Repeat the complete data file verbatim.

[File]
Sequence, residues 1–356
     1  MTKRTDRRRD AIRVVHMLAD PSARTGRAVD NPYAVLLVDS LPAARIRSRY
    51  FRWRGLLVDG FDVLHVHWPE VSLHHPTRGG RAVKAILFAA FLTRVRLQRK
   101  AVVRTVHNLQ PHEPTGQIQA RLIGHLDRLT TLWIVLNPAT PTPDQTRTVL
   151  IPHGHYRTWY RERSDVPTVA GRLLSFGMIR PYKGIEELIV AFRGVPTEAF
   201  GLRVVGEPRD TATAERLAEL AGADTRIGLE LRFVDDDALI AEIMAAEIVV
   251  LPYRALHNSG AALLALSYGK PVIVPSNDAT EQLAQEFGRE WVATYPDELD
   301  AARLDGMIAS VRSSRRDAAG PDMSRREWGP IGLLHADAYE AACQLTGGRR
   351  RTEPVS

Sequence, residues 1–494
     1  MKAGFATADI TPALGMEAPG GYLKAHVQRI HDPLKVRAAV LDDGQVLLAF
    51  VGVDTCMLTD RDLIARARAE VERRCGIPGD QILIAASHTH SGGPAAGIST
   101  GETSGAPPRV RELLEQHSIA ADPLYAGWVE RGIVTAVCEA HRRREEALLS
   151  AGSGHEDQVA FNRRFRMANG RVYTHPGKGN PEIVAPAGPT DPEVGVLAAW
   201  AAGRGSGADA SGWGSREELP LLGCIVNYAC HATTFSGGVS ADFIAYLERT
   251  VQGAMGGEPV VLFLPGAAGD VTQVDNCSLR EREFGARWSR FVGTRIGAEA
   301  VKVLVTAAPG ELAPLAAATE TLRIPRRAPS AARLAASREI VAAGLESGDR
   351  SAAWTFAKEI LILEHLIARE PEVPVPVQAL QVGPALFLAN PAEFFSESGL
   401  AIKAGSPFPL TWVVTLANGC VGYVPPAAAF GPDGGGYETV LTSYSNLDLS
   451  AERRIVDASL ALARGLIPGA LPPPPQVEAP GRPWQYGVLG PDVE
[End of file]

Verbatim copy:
Sequence, residues 1–356
     1  MTKRTDRRRD AIRVVHMLAD PSARTGRAVD NPYAVLLVDS LPAARIRSRY
    51  FRWRGLLVDG FDVLHVHWPE VSLHHPTRGG RAVKAILFAA FLTRVRLQRK
   101  AVVRTVHNLQ PHEPTGQIQA RLIGHLDRLT TLWIVLNPAT PTPDQTRTVL
   151  IPHGHYRTWY RERSDVPTVA GRLLSFGMIR PYKGIEELIV AFRGVPTEAF
   201  GLRVVGEPRD TATAERLAEL AGADTRIGLE LRFVDDDALI AEIMAAEIVV
   251  LPYRALHNSG AALLALSYGK PVIVPSNDAT EQLAQEFGRE WVATYPDELD
   301  AARLDGMIAS VRSSRRDAAG PDMSRREWGP IGLLHADAYE AACQLTGGRR
   351  RTEPVS

Sequence, residues 1–494
     1  MKAGFATADI TPALGMEAPG GYLKAHVQRI HDPLKVRAAV LDDGQVLLAF
    51  VGVDTCMLTD RDLIARARAE VERRCGIPGD QILIAASHTH SGGPAAGIST
   101  GETSGAPPRV RELLEQHSIA ADPLYAGWVE RGIVTAVCEA HRRREEALLS
   151  AGSGHEDQVA FNRRFRMANG RVYTHPGKGN PEIVAPAGPT DPEVGVLAAW
   201  AAGRGSGADA SGWGSREELP LLGCIVNYAC HATTFSGGVS ADFIAYLERT
   251  VQGAMGGEPV VLFLPGAAGD VTQVDNCSLR EREFGARWSR FVGTRIGAEA
   301  VKVLVTAAPG ELAPLAAATE TLRIPRRAPS AARLAASREI VAAGLESGDR
   351  SAAWTFAKEI LILEHLIARE PEVPVPVQAL QVGPALFLAN PAEFFSESGL
   401  AIKAGSPFPL TWVVTLANGC VGYVPPAAAF GPDGGGYETV LTSYSNLDLS
   451  AERRIVDASL ALARGLIPGA LPPPPQVEAP GRPWQYGVLG PDVE